"Bookies & Milk" kicked off Thursday morning for Cherokee Elementary School second-graders, with books created by students debuted and celebrated after months of learning and creating.

"It took a village to get this project completed. The librarian read them all and printed awards," said Jessica Morrison, second-grade teacher. "Most [students] are 7 and 8 years old, and it was really fun. If they can do this at 7 and 8, I can't wait until they are older."

Morrison has been at Cherokee Elementary for a couple of years, but she did the Studentreasures Publishing book projects at her previous school. Every child got a free copy of his or her book, and parents can order additional paperback or hardback copies. Morrison said last year was the first year for paperbacks.

While the project is available for all ages, Morrison said second grade seems to work out the best, as older classes concentrate on standardized testing.

The first-graders make a class book by choosing a theme for their tome, and each student writes and draws a page. The pages are then published in one book.

"I would have loved to make my own book," said sixth-grader Wyatt Renfro, who was attending Bookies & Milk to see his cousin Jaxson Rodriguez.

Jaxson had four chapters in his version of a Captain Underpants story. In his "About the Author" section, Jaxson said he wants to write books when he grows up. He said it took him at least two weeks to complete the book.

Morrison said the students actually work for months on their books.

"We talk about the writing process and genres of books. It covers a huge spectrum of skills," said Morrison. "It's so labor-intensive."

The students got to choose if they wanted to do a fiction or non-fiction book, as well as the genre of book.

Those who chose to do non-fiction had to do research on their subject. Morrison said some students creating non-fiction books wanted to use photographs instead of drawing pictures, so she had to teach them about copyrights.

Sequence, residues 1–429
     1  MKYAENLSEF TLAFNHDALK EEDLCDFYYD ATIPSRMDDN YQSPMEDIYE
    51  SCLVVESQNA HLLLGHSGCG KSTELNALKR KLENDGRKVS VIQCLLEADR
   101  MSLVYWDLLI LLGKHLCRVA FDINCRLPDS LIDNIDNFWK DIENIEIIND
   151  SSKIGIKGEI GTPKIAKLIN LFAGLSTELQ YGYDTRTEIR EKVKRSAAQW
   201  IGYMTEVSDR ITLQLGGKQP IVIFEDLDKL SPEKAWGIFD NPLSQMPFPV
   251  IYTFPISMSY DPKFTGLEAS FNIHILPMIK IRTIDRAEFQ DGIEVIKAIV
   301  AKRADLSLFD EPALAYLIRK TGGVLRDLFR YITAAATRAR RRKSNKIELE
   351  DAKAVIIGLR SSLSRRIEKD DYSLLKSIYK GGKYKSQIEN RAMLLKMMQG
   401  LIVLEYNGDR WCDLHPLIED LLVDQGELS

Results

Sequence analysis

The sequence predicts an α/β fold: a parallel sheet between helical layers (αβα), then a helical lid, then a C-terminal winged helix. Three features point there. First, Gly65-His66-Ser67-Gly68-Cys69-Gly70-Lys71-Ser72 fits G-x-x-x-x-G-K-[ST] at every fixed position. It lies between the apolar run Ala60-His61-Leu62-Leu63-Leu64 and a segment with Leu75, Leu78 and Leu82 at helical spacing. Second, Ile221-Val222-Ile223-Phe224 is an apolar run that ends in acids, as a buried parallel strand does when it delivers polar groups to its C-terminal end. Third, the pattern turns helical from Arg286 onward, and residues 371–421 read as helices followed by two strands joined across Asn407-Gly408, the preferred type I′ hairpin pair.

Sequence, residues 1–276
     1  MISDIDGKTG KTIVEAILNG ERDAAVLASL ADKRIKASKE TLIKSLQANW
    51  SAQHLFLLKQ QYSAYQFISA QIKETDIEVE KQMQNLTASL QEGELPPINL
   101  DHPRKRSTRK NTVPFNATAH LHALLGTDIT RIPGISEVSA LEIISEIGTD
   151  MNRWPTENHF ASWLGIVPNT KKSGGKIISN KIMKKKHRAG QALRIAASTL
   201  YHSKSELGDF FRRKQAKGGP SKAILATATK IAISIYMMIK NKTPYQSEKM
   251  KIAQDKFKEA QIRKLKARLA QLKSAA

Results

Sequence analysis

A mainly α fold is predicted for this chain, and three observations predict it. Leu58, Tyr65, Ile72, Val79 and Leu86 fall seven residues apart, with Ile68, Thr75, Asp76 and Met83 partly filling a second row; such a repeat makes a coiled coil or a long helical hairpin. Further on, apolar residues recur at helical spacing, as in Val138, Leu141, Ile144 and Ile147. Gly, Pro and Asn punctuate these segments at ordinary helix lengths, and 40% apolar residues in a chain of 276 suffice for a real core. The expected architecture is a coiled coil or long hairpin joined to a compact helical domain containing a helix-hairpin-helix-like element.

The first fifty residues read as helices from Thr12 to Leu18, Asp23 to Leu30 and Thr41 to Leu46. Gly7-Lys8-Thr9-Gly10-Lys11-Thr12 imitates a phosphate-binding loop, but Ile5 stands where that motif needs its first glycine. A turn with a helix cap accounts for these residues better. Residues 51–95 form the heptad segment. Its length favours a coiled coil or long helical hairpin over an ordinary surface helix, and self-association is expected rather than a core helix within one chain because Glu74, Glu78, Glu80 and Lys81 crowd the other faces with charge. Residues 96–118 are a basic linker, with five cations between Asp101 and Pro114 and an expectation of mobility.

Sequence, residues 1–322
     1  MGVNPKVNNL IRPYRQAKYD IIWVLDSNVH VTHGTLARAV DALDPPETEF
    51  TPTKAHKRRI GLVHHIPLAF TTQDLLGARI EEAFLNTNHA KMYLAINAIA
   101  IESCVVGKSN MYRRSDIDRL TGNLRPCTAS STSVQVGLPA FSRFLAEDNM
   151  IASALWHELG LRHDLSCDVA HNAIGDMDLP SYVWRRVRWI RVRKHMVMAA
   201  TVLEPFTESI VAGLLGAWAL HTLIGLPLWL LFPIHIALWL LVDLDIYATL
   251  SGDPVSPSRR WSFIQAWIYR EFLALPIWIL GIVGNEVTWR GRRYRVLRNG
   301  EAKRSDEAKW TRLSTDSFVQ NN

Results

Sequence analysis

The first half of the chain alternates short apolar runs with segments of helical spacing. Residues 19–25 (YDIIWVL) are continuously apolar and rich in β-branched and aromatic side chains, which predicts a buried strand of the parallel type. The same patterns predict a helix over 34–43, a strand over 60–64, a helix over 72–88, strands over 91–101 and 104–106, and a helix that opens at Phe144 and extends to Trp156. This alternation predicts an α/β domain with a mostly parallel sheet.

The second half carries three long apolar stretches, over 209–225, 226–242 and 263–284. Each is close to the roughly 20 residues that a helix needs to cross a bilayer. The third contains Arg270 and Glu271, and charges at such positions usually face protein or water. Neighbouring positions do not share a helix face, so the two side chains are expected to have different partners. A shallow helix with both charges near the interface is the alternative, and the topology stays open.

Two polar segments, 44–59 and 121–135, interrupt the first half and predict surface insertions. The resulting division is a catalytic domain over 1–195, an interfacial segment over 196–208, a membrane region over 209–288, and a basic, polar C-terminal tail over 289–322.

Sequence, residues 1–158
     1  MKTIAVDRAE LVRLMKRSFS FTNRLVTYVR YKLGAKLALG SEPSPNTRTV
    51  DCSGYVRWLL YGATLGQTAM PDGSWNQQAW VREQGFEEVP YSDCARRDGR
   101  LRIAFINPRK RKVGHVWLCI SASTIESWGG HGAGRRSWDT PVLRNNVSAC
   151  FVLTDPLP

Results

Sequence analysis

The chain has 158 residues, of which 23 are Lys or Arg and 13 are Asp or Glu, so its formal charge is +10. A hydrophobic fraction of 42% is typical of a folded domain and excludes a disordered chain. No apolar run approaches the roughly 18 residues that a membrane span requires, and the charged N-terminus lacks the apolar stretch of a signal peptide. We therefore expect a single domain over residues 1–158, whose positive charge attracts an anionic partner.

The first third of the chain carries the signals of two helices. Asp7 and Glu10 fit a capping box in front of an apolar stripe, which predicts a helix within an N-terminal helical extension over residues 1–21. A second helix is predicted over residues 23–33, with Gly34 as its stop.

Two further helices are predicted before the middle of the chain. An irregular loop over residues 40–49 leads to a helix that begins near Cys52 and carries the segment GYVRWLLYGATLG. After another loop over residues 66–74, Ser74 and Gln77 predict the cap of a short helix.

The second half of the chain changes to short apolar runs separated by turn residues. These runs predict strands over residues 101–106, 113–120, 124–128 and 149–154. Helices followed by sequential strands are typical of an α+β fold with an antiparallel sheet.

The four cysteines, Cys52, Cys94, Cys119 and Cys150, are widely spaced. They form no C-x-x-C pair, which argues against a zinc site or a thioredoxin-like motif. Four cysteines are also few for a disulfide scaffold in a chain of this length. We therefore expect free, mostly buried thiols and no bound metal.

Julie Crittenden, librarian, said she had not heard of the book project until she started at Cherokee Elementary two years ago.

"It's an amazing program. It's definitely a worthwhile project for any student, especially younger ones," she said.

Crittenden said the second-grade teachers work hard on the book project.

"It's time-consuming, but they're so patient. They put an enormous amount of time into it with rewriting, and editing, and revising," she said.

One student from each of the three second-grade classes received the Cherokee Caldecott medal, and five in each class had their creations chosen as Honor Books.

The real Caldecott Medal is awarded annually to the artist of "the most distinguished American picture book for children," according to the American Library Association.

Zoe Myers was the Cherokee Caldecott winner from Lori Robertson's class. Her book was "Animals," and she also received a Most Realistic Illustrations award.

"I like the drawings. It took me several weeks," said Zoe.

Her mom, Lana Myers, was moved that Zoe had dedicated her book to mom and dad.

"It's great to see all of the interesting ideas kids come up with for their books. I'm grateful for the teachers for this opportunity," said Myers.

Each book had an award sticker on it, such as Best Chapter Book or Best Giraffe in a Book. These were made up by Crittenden after she read each book.

"The kids like the awards. It's one of the hardest things I do," said Crittenden. "They all did an amazing job. I'm so proud of them. They put their hearts and souls into it. The level of writing just improved across the board from last year."

She bases the Honor Awards on several factors, such as the story's having a plot line, the technical aspects of writing, complete sentences and more.

For the non-fiction books, she looks for accurate information and ensures that the author stayed on topic. She looks for plot in fiction books.

"It increases overall love of books and writing," said Crittenden. "Not many kids can say they have a published book at 7 or 8."

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